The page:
Baby tech company Owlet cut spending in the second half of the year by making new submissions to the FDA, touting the moves as steps toward profitability.
The company reported revenue of $69.2 million in 2022, compared to $75.8 million in 2021. Operating expenses were $107.9 million last year, compared to $90.9 million in 2021.
But Owlet said the increase was largely due to the launch of its Dream Sock wearable sleep monitoring devices earlier this year. In the second half of 2022, the company cut marketing expenses, laid off employees and cut other expenses that it says will position it to be profitable in 2023.
Owlet posted a net loss of $79.3 million last year, compared to $71.7 million in 2021.
In the fourth quarter, the baby tech company reported revenue of about $12 million and a net loss of $19.5 million. Operating expenses were $24.1 million in the fourth quarter last year, compared to $27.3 million in the same period last year.
“I recognize that our confidence in our business is in conflict with our reported financial results in 2022 due to the efforts needed to rebuild our business,” CEO and co-founder Kurt Workman said on a conference call. “[…] Throughout 2022, we’ve made tremendous progress positioning Owlet for sustainable, profitable growth in 2023 and beyond. We rebuilt our brand health, rebased our operating expenses, focused on rebuilding channel health, and made significant progress toward regulatory approval for our medical device and de novo product applications. . »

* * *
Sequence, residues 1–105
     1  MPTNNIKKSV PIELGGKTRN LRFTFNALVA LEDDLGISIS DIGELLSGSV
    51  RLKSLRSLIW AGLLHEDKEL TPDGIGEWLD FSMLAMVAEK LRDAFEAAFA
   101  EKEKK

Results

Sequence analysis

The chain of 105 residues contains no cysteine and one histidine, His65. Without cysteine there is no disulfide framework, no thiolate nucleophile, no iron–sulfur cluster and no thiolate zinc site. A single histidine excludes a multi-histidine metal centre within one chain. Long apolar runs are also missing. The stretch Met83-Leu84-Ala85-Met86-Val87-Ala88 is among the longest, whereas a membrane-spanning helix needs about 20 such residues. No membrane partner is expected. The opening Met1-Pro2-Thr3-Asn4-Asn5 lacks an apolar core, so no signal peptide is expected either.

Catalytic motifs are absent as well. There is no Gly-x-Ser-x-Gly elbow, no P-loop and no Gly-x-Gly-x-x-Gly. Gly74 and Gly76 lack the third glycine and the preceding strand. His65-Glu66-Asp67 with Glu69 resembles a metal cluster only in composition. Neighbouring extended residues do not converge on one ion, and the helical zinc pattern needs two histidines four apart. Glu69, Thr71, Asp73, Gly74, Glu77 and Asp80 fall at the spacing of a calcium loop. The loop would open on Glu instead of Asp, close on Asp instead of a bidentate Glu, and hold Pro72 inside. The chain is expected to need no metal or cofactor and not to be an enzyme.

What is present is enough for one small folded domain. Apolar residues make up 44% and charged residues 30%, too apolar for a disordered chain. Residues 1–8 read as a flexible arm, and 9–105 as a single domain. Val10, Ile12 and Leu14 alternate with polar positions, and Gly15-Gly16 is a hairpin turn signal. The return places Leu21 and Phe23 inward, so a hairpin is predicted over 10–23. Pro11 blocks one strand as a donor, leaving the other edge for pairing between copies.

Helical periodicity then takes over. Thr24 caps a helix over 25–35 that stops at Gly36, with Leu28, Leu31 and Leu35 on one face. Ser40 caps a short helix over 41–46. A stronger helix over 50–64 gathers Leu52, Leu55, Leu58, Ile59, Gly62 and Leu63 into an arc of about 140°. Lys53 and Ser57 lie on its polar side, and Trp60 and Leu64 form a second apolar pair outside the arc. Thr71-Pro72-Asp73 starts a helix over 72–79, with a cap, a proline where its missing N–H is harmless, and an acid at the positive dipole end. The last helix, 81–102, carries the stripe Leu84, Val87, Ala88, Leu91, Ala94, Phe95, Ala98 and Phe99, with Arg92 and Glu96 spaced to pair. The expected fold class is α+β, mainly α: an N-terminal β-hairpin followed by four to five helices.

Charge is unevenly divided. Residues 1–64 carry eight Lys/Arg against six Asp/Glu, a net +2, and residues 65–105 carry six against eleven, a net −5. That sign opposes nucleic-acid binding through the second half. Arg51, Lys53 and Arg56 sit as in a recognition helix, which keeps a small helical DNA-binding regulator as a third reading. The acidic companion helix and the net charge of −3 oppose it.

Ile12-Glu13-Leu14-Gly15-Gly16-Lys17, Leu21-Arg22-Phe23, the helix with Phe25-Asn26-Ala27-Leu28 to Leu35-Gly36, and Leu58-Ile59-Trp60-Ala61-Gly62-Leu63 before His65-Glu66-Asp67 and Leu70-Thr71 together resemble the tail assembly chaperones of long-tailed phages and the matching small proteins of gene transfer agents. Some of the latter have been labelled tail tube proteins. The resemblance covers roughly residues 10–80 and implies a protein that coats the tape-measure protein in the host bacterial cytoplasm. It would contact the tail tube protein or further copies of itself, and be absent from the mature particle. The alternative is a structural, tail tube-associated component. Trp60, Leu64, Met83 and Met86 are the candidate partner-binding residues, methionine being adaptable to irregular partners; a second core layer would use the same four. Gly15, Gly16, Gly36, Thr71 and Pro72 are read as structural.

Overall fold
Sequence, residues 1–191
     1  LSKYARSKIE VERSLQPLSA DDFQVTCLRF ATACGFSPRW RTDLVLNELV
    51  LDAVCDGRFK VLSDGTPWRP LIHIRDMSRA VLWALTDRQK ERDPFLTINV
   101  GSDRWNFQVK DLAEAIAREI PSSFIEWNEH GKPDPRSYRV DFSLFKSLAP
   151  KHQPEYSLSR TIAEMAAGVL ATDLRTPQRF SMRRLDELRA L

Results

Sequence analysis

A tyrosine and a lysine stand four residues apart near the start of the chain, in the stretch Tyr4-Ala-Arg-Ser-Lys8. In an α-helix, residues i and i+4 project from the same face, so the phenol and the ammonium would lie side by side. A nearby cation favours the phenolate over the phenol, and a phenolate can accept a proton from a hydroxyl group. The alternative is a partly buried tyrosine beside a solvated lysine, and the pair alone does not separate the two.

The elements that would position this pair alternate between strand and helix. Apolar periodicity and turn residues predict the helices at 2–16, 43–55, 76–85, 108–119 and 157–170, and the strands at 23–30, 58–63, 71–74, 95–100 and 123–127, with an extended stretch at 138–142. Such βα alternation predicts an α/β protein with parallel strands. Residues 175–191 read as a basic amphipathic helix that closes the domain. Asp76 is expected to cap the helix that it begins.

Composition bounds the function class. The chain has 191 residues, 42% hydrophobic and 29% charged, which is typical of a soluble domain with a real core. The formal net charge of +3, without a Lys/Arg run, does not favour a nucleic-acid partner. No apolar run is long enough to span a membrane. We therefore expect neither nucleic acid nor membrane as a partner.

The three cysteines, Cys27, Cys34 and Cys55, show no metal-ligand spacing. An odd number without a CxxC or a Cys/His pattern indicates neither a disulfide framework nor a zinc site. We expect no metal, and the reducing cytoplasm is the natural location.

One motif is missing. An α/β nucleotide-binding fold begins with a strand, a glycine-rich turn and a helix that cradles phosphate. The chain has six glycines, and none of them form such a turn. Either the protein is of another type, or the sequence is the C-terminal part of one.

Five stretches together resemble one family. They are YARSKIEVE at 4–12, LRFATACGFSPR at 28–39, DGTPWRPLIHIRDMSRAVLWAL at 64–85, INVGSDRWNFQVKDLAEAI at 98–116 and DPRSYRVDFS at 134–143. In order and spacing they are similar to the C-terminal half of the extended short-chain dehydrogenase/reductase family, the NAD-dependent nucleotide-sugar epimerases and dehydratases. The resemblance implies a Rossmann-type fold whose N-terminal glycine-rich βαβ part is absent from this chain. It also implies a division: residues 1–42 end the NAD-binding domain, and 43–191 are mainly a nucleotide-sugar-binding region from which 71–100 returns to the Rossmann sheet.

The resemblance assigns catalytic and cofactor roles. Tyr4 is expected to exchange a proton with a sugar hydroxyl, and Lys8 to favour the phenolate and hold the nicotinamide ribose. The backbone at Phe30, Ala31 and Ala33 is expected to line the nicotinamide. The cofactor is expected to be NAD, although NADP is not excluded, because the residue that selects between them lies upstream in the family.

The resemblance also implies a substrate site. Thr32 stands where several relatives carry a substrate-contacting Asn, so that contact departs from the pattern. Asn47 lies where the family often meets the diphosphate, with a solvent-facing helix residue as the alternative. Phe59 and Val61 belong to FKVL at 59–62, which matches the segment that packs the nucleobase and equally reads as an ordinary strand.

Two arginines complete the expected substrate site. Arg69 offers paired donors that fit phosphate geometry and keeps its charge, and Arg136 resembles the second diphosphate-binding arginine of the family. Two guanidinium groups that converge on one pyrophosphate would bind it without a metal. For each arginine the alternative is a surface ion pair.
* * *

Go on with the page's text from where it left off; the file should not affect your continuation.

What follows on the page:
Workman said the Owlet will continue to cut costs in the first half. The company now employs less than 100 people compared to 227 last year.
He added that Owlet filed an FDA 510(k) application for an infant prescription monitoring device in October. The device, which the company internally calls BabySat, aims to alert parents when their baby’s heart rate or blood oxygen saturation falls outside a prescribed range.
In December, the company submitted an over-the-counter product to the FDA that provides heart rate and oxygen notifications in addition to Dream Sock’s sleep monitoring tools.
“The most significant accomplishments for the future of Owlet’s digital healthcare are the work we’ve done to obtain regulatory approvals for our products in 2022,” Workman said. “As stated in previous calls, we believe in making the highest quality care available for every baby by democratizing access to technology and information that was previously limited to clinical settings.”
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Owlet made public in 2021 after merging with an ad hoc acquisition company. Later that year, the company pulled its Smart Sock smart wearables from the market after receiving a FDA warning letter. The agency said Owlet is marketing the products as “diagnostic” tools, which would require 510(k) clearance.
Last month, Owlet announced that it had raised $30 million in private placement financing.